Haemon was trying to stop the death of these woman and Creon replied with “Don’t flatter me with “father, you woman’s slave”. (Sophocles, 27). That showed how little women meant to the king of Thebes. Creon was disgusted in his own son for trying to stop an women’s
He had his men divide the women equally and told them to share them all. Odysseus stayed on an island with the time distorting goddess Calypso who loved Odysseus a lot and didn’t want him to leave so he decided to stay instead of going home he stayed there until he wanted to go back home. “I stormed the place and killed the men who fought. Plunder we took, and we took, and we enslaved the women, to make division, equal shares to all.” I think that Odysseus does not deserve to be a literary hero because he has done so many bad things to so many people that didn’t deserve to be hurt or killed. This is worth consideration because Odysseus doesn’t deserve to be a literary hero because of how he treated his men and others without respect, kindness, bravery, and he definitely did not put his life on the line to save others he put others lives’ on the line to save his
Whenever Sister would criticize how the women are treated in her society or how awful it felt to have the uterine regular inside of her, Andrew would brush off the comments as an unimportant, woman’s-only issue. Sister would further try to explain to her husband the oppression herself, and many women, dealt with every day, “but he could not comprehend such petty complaints in the face of greater issues” (Hall 33). This brushing off of feminist and women's issues is similar to how our own patriarchal society disregards women’s issues. This is due to male privilege, a social issue that allows men advantages in life solely based off of their sex, and is prevalent in every aspect of life. In Allan G. Johnson’s article, Patriarchy, The System he states that “manhood and masculinity [are] most closely associated with being human and womanhood and femininity [are] relegated to the marginal position of ‘other’” (74).
Women in the nineteenth and twentieth century were not treated equally to men; Henrik Ibsen demonstrated this in his play A Doll's House. Throughout the play the protagonist, Nora Helmer, faces disrespect and mistreatment by her husband, Torvald. Nora Helmer is shown as a woman who has manipulated people and lied on countless occasions, but she is a woman who behaves in such a way because she is trapped in her marriage, until she finally escapes and stands as a hero to women of the century. In the first moments of the play Nora is introduced as child-like women who is a seen as a manipulator and liar, but this is only the surface of her character. In deeper look into Nora’s character her manipulative and lying ways were for better outcomes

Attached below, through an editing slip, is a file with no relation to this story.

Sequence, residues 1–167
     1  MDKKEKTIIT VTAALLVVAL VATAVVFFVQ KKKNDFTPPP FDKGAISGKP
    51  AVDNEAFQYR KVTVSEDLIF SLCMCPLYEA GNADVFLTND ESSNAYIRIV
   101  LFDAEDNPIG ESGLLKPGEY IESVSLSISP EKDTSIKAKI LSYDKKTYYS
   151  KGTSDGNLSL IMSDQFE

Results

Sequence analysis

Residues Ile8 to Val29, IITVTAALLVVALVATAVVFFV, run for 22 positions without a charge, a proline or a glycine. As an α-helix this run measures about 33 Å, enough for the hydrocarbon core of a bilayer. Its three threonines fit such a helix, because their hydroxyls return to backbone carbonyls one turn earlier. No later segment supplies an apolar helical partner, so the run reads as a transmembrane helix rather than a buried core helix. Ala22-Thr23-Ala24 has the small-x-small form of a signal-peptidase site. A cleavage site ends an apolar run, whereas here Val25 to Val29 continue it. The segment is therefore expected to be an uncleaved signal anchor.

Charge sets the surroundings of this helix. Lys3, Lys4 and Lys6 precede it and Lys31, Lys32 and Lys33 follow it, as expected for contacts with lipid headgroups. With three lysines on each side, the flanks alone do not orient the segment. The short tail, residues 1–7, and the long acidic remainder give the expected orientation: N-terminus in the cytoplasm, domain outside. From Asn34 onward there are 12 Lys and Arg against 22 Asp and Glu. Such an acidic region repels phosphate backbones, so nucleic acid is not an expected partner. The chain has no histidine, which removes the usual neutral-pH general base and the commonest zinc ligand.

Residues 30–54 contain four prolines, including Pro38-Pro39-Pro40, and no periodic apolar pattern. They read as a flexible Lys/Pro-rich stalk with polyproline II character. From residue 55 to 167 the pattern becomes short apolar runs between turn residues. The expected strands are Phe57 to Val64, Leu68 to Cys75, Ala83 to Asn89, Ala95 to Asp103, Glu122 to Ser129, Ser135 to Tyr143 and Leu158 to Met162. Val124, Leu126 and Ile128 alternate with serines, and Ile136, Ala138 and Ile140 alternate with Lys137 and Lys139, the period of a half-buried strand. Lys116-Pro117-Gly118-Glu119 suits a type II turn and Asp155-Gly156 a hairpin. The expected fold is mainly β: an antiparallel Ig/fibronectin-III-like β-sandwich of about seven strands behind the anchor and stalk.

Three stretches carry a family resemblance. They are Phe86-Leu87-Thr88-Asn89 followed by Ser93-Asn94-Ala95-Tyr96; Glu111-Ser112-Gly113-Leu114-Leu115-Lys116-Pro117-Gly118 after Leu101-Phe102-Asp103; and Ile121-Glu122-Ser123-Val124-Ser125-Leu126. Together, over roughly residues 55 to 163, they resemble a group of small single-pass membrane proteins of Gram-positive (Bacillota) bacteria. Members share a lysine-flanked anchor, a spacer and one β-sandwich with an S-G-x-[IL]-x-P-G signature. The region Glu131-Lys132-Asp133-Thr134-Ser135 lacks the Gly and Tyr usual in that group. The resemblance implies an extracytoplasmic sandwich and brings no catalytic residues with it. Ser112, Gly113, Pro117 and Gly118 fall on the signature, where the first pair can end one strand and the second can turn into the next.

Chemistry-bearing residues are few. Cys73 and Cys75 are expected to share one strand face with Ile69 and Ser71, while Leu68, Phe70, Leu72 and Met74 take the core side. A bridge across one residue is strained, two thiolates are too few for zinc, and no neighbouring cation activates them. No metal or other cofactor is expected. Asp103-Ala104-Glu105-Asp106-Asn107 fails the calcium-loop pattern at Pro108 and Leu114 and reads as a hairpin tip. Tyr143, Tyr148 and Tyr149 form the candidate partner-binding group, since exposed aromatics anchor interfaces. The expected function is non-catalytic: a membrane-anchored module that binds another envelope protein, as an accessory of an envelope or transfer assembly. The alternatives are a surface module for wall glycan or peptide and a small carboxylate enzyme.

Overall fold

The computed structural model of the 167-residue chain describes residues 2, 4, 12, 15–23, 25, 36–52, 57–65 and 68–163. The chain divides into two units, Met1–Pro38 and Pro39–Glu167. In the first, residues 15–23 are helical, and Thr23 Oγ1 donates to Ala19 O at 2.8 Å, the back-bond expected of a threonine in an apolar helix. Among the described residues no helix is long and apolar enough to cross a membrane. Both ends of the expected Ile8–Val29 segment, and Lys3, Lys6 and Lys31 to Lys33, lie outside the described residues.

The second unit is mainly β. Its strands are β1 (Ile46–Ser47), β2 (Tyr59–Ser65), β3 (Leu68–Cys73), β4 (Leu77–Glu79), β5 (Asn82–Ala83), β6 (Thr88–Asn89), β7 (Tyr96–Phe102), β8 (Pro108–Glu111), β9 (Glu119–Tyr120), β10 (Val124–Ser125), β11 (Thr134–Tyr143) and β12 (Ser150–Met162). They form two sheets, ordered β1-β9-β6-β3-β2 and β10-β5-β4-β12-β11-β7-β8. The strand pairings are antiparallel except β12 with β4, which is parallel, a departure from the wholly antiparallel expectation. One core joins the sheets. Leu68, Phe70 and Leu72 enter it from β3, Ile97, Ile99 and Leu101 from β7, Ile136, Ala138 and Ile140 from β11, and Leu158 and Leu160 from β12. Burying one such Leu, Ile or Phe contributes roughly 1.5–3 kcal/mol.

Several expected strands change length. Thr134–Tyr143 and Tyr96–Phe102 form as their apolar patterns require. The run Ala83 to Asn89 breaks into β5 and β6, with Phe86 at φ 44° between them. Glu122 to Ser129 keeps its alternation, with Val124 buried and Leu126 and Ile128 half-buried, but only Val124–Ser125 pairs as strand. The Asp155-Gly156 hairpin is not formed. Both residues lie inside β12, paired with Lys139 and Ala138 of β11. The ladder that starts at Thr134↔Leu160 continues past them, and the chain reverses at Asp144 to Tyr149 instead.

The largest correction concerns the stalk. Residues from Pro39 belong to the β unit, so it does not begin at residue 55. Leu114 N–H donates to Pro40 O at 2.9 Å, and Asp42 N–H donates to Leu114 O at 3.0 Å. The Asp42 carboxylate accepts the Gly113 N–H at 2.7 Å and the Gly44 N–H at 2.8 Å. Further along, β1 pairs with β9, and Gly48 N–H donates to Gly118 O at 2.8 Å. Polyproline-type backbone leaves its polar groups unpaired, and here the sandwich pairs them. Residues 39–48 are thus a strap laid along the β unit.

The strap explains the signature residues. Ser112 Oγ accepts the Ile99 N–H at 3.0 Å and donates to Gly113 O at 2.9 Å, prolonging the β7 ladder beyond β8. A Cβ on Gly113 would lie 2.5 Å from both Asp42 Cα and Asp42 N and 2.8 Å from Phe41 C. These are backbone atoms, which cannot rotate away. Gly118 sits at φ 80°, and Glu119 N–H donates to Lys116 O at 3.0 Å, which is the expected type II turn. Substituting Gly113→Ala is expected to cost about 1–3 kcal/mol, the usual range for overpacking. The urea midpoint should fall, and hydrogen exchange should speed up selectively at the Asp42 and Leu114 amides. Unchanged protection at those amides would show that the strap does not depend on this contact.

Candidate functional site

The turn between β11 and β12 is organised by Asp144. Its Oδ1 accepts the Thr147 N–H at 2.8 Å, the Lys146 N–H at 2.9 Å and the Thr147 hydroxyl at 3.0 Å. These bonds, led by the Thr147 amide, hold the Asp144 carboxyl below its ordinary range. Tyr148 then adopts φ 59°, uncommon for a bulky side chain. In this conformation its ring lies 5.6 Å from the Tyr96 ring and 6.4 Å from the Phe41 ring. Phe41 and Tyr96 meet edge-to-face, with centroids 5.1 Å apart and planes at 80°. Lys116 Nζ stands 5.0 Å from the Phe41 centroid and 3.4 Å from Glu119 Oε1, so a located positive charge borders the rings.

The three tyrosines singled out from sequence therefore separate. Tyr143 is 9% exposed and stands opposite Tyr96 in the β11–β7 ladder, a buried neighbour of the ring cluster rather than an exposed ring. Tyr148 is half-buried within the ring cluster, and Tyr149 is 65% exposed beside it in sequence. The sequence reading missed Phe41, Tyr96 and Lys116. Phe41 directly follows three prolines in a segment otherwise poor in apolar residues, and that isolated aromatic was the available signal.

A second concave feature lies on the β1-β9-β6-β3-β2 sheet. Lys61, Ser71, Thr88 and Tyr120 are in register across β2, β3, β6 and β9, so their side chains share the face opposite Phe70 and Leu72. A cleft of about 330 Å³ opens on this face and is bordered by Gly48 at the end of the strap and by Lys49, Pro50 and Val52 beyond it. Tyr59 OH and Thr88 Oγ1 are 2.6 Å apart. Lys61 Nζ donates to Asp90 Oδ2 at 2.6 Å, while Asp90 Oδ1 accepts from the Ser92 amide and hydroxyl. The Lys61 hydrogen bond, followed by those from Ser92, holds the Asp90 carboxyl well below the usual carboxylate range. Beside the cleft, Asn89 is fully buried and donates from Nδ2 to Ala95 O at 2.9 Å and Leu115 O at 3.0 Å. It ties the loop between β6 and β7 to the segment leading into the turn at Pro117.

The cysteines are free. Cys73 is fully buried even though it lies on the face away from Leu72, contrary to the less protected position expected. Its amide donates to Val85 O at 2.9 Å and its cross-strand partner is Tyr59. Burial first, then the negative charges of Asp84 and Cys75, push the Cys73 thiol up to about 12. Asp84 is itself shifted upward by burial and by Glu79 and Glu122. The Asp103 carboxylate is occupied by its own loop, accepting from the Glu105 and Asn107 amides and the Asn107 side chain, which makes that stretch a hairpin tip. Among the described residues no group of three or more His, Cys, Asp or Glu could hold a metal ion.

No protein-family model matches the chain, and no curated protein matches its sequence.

They show complete disregard in the feelings of the black folks who are forced into slavery, forced into selling their loved ones and their children. They are able, as Prince says, to “make their remarks upon us aloud, without regard to our grief” (11). These fears are exactly what Linda Brent feels when she becomes pregnant. She realizes that having a child with Mr. Sands would bring more abuse from Dr. Flint to both her and her child, and when her first born, Benny is born, she explains that “I had often prayed for death; but now I did not want to die, unless my child could die too” (Jacobs 199). She would rather that her child die than live in bondage, especially under the watchful and revengeful eye of Dr. Flint.
This shows the inequality of men and women’ rights. Daisy and Tom’s relationship end up compatible as Daisy chooses Tom over Gatsby because Gatsby doesn’t have the background and security Tom can offer; Tom says Gatsby is "a common bootlegger.” Also Daisy scared to get in trouble for killing Myrtle. She conspires with Tom to make Gatsby the one who pays for the accident.They are both selfish. Their conflict resolves as they